“Building” a future . . . Animal Science Center dedicated at Fleming County FFA farm

Posted on Oct 6, 2012
A 50-acre plot of rough land in an industrial park in Flemingsburg is slowly but surely turning into a valuable educational tool for FFA students. And in the process, it has become a source of community pride and regional attention.

The development of a farm for Fleming County FFA has become a community-wide project uniting business, education and agriculture interests. This two-year-old endeavor took a major step forward last month with the ribbon-cutting ceremony for the Hinton Mills Animal Science Center. The 60-by-62 barn will be used for livestock projects and storage of hay and equipment.

The next step in the project to develop a regional showplace for FFA is a classroom and conference facility under construction near the Animal Science Center. Peoples Bank is the main funding source for that.

Bud Hinton, President of Hinton Mills, prepares to cut the ribbon on the new animal science center at the Fleming County FFA farm.

Agriculture Commissioner James Comer, himself a former State FFA President, was on hand for the ribbon cutting. Also attending were local business, education and political leaders, as well as a number of officials from surrounding counties, which also have a stake in the project.

Fleming County FB is among the large number of entities that have supported the project in various ways. Hinton Mills, a local, family-owned feed and farm supply company with four stores in the area, was the major contributor for the center. The Louisville-based Farm Credit Service contributed $10,000 for farm development and two of its regional offices kicked in another $2,000.

More photos of Hinton Mills Animal Science Center ribbon cutting

The school board provided a matching grant. Many other groups and businesses have pitched in.

Randall Wood, past president and a Director for Fleming County FB, said the farm’s development epitomizes the term “cooperative effort.”

“The community has really gotten behind this,” said Wood, who works for Hinton Mills.

“It’s been developed into a regional thing that can benefit other counties. This will be a place where we can conduct regional events - -shows, sales, conferences. It’s going to benefit a lot of young people.”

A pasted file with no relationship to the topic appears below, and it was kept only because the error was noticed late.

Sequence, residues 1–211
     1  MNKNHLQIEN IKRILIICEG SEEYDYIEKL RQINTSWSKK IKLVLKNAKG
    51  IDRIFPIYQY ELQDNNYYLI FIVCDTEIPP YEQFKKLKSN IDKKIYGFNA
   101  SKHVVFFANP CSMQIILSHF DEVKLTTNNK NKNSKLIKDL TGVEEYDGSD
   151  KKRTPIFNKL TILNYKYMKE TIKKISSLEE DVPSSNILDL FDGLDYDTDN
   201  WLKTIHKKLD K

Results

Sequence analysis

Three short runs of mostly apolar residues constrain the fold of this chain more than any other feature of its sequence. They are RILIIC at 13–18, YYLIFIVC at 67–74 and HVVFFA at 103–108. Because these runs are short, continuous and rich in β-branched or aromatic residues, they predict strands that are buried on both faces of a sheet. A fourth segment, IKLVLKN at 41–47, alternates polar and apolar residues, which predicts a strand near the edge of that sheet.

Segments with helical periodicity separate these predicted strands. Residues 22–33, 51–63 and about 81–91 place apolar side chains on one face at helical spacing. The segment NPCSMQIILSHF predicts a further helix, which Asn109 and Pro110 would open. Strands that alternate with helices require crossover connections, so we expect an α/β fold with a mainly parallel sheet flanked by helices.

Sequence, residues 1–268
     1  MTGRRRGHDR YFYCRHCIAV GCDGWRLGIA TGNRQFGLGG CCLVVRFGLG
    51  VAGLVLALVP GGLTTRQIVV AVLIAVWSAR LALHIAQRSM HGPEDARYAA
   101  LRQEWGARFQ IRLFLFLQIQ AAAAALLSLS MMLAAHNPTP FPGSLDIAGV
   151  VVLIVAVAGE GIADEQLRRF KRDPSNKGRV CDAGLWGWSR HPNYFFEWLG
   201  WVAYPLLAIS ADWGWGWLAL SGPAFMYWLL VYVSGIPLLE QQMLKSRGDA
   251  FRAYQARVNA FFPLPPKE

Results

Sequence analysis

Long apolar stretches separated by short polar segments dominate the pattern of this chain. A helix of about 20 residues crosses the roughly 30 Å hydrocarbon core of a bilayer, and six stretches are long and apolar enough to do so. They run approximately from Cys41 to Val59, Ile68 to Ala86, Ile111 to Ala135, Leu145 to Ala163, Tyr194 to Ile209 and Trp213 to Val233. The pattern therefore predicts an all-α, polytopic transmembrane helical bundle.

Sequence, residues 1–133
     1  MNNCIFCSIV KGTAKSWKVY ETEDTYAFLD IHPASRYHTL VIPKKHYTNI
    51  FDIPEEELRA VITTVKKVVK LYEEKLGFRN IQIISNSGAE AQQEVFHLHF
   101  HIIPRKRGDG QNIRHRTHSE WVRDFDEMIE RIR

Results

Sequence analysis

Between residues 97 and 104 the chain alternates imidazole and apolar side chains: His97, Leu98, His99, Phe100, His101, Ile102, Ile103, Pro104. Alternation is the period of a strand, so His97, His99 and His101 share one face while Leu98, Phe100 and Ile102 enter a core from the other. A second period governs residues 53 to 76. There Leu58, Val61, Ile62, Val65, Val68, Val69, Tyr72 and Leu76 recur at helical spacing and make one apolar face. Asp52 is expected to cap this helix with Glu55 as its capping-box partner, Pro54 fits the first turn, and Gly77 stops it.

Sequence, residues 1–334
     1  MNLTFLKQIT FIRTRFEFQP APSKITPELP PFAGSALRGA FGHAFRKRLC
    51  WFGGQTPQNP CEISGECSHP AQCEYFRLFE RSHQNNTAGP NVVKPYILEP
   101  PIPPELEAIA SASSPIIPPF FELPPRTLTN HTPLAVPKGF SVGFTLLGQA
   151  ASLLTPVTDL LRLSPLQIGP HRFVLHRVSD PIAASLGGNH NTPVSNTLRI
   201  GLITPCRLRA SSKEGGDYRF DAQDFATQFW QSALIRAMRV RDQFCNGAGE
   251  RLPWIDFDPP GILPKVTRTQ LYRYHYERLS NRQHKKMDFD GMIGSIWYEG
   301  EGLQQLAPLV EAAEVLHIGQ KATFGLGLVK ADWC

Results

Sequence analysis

The FFA Chapter plans to maintain a small beef cow-calf herd. The farm also will be used for other livestock projects (the chapter has two sows and 40 lambs) and for crop production, particularly in horticulture. Wood said the project was a dream of retired Vo-Ag teacher Charles Berry, who was at the ceremony.

Commissioner Comer commended the Hinton family (company president Bud Hinton and sons Adam and Nathan, who are company executives) and the community as a whole.

Commissioner Comer was on hand at the ribbon cutting and during his remarks expressed his gratitude toward the Hinton family.

“What a great day!,” he exclaimed, beginning his remarks. “This is an outstanding project that will make a difference for many years to come.”

In his remarks, Adam Hinton was quick to recognize Charles Berry and the spirit of cooperation that has been a trademark of the project’s development.

While explaining the company’s commitment, Adam Hinton said: “At Hinton Mills we believe in the future of agriculture. Who needs to be better prepared for the world than those in agriculture?”

He noted that school officials had reported that 400 of the 750 students at Fleming County High School last year had participated in an agriculture education class.

Wood said the project is part of a rejuvenation of the Vo-Ag program in Fleming County. “Farm Bureau has been strongly behind the ag program; we do whatever we can to support it,” he said.

Tagged Post Topics Include: Adam Hinton, Bud Hinton, Charles Berry, Commissioner of Agriculture, Farm Credit Services, FFA, Fleming County, Fleming County Farm Bureau, Fleming County High School, Flemingsburg, Hinton Mills, James Comer, KFB, Nathan Hinton, Peoples Bank